EQuS researcher Dr Ivan Kassal will receive funding to further his research in solar-energy harvesting using quantum effects following the announcement of the Westpac Bicentennial Foundation’s inaugural Westpac Research Fellowships. 

Since 2008, Dr Kassal has worked at the forefront research on quantum effects in photosynthesis, deciphering the factors that contribute to the efficiency of solar-energy harvesting. 

Dr Kassal said, “The Westpac Research Fellowship means I can focus on my goal of translating fundamental scientific breakthroughs into advances in clean-energy technology.”

“My project focuses on the design of better organic solar cells by examining the role of quantum coherence.”

“Quantum coherence, which describes the wave-like properties of particles, is expected to play a fundamental role in the design of efficient, flexible and cheap renewable-energy devices,” Dr Kassal said.  

The co-funded Fellowship program is the first of its kind in Australia. The Westpac Bicentennial Foundation has collaborated with Australia’s leading research universities - The Australian National University, The University of Melbourne, The University of Queensland and The University of Sydney - to offer a holistic package of support for early career researchers.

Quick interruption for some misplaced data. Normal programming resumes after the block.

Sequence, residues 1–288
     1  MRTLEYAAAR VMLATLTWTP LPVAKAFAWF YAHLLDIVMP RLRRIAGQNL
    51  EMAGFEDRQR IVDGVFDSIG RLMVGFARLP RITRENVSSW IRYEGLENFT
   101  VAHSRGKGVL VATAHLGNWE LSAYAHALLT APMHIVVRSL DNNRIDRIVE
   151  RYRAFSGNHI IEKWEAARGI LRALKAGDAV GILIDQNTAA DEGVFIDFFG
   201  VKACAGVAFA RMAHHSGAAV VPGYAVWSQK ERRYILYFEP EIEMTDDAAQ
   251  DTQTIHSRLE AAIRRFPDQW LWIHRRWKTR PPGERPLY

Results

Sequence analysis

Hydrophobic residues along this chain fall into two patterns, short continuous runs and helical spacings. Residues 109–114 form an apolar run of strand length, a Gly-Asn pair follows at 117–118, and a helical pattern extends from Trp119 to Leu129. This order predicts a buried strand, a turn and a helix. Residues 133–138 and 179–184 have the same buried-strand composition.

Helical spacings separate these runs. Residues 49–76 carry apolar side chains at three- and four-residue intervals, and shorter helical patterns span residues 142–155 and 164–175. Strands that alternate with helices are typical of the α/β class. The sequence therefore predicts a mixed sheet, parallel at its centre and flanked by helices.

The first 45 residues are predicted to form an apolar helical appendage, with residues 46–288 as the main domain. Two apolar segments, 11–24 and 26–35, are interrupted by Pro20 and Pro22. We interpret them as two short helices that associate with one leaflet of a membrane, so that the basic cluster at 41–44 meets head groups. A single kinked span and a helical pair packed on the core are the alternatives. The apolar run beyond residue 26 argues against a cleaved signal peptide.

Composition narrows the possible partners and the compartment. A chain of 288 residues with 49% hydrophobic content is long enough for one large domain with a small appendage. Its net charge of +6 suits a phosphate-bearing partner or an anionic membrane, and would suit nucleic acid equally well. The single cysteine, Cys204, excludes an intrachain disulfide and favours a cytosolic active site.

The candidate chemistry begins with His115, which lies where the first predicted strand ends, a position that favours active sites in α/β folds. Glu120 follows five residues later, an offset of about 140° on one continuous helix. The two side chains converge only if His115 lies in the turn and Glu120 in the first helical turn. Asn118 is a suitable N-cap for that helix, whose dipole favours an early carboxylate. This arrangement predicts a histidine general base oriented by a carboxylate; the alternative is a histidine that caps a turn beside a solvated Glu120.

Susan Bannigan, CEO of the Westpac Bicentennial Foundation, said that the impact of this joint investment goes well beyond the lives of these four individuals. 

“These early career researchers have the potential to shape our nation’s future,” Ms Bannigan said. 

“The Westpac Research Fellowships aim to give them – some of our country’s best and brightest – the chance to shine and explore their potential.  In doing so, we are creating pathways for the innovators and true pioneers amongst us to really make their mark and shape history.”  

“The co-creation of this Fellowship with our University partners is a great example of industry and education working together towards addressing the opportunities and challenging facing Australia.”

The Westpac Bicentennial Foundation will contribute $330,000 toward each researcher’s salary, leadership development and global opportunities, while the respective university partner will cover the associated costs of the research, ranging from $94,000 to $650,000 for the inaugural fellows.  

In early December, each candidate underwent an intensive assessment by a national selection panel, comprising elite business leaders and academics including David Thodey, Chair of CSIRO and Jobs NSW, and Professor Suzanne Cory, The Walter and Eliza Hall Institute. 

For more information on the Westpac Bicentennial Foundation visit www.westpac.com.au/200years.

ENDS

Media: Dr Ivan Kassal, i.kassal@uq.edu.au; Emma Foster, Westpac Bicentennial Foundation, efoster@westpac.com.au;  Tara Roberson, Communications, equs.engagement@uq.edu.au 

Want to find out more about the weird world of quantum physics? Sign up for our newsletter or follow us on social media. To ask a question use the #AskEQuS hashtag or send us a Facebook message. 

Get regular updates on quantum physics and the people behind the research

Subscribe

Major funding support

Australian Research Council Logo